It depends on what the contract says. The CIREBA OTP (Offer to Purchase) states that a seller who is unable to meet the agreed completion date will be liable for damages and losses under clause 17 (b). Under clause 17 (b) (2), if the specified date for completion has passed and the seller is in a position to complete, they may serve a Completion Notice to the purchaser. The notice requires the purchaser to pay the closing monies’ balance within seven days of being served the Completion Notice. Should the purchaser fail to comply with the Completion Notice, the seller is entitled to the purchaser’s deposit (typically 10% of the purchase price) together with any interest earned as liquidated damages. The offer to purchase will terminate immediately.

15. Are there other issues that can happen during real estate transactions?

Apart from the charging order mentioned above, the main ones are title issues or failing to include a contract condition. For example, we often see contracts that are not conditional on satisfactory replies to purchasers’ attorneys’ enquiries. Or in transactions involving standalone houses, deals that are not conditional on a satisfactory planning search.

Real Estate All Cash Offers

16. When there is no financing required, what steps do cash buyers commonly forget before the property closing?

When an attorney is not appointed to handle the closing, the main items forgotten are insurance, not registering a stay, or transferring the title through Lands.

Real Estate Attorney Costs

17. How much does it cost to use a real estate attorney?

On average, 0.5 to 1% of the purchase price. A cost that pays off tenfold. It gives the client’s legal protection throughout the negotiations and closings, providing peace of mind and ensuring that the deal gets done.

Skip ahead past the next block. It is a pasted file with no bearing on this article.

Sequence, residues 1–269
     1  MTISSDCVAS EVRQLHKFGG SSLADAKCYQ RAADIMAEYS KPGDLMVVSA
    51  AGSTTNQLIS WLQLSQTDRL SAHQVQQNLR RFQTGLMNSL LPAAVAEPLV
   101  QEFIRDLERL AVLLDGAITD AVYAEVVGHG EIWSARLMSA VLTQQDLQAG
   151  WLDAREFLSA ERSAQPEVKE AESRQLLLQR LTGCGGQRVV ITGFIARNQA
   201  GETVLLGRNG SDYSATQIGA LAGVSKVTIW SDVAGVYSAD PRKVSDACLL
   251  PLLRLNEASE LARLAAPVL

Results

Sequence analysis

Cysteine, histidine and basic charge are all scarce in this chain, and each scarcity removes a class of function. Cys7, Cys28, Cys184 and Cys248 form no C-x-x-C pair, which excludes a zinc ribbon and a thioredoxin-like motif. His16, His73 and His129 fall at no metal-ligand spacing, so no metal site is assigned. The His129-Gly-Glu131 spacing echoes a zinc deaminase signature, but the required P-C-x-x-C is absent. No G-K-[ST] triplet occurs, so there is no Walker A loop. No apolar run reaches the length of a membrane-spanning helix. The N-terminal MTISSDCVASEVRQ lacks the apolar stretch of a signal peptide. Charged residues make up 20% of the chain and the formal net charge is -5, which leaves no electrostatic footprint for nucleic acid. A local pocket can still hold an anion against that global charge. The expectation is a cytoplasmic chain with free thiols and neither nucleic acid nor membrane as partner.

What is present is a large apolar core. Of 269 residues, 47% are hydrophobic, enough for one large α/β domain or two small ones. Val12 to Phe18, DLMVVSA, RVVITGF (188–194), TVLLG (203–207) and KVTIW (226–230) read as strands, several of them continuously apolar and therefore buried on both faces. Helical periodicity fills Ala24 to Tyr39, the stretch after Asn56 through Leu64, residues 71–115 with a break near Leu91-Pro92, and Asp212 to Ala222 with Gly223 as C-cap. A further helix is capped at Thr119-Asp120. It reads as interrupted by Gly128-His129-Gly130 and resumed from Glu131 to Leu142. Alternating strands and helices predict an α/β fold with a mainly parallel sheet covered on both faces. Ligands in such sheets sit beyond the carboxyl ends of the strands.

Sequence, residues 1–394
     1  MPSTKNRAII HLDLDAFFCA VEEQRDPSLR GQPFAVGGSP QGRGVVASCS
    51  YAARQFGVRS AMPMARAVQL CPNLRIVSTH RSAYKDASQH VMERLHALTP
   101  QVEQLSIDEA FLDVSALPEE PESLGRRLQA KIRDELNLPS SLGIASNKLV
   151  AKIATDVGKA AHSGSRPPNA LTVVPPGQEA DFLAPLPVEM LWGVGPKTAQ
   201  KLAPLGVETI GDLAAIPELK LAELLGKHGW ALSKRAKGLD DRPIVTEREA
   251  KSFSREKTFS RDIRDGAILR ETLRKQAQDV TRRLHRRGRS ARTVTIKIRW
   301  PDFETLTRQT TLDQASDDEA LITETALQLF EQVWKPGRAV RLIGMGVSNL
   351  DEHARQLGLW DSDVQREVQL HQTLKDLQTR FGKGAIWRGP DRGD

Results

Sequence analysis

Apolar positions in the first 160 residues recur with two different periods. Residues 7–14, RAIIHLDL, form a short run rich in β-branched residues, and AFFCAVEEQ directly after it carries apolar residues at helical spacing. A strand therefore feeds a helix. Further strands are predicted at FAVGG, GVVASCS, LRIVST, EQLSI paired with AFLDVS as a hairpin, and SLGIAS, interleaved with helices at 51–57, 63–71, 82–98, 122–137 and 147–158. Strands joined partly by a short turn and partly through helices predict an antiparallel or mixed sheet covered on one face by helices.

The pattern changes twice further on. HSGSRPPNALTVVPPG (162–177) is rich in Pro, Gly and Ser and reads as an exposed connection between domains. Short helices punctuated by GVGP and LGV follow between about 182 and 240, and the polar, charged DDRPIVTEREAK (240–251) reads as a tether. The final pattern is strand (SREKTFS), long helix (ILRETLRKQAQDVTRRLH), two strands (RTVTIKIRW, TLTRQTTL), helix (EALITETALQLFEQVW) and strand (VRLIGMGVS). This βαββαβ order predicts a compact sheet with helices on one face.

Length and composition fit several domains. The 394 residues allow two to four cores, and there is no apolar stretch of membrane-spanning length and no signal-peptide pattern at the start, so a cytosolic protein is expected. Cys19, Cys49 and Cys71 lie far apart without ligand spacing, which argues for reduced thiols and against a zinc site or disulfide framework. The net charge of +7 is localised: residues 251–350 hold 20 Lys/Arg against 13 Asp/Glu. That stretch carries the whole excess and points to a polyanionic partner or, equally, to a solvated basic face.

Real Estate Legal Words of Wisdom

18. Is there anything else you would like to add?

I think we have covered a lot, and hopefully addressed some of the many real estate legal questions. Everyone at Property Cayman is a delight to work with, and it is no coincidence that transactions always run smoothly when you guys are involved. I am always impressed with your commitment, knowledge and attention to detail and, like us, you guys put your clients’ interests first.

Engaging a Real Estate Lawyer in Cayman

Simply put, engaging a real estate attorney is the smart play. They will remove any seen and unforeseen obstacles that could impede the property sale while ensuring your legal protection throughout the process.

Whether you’re looking to buy or sell your property, we at Property Cayman work hand in hand with dedicated real estate attorneys to give you the best guidance and service possible before you make an Offer to Purchase and through the entire Closing process. Never hesitate to ask your agent or attorney questions – we’re here to make this tricky and sometimes overwhelming process, as smooth and transparent as possible.   

We look forward to assisting you on your next journey to closing, soon!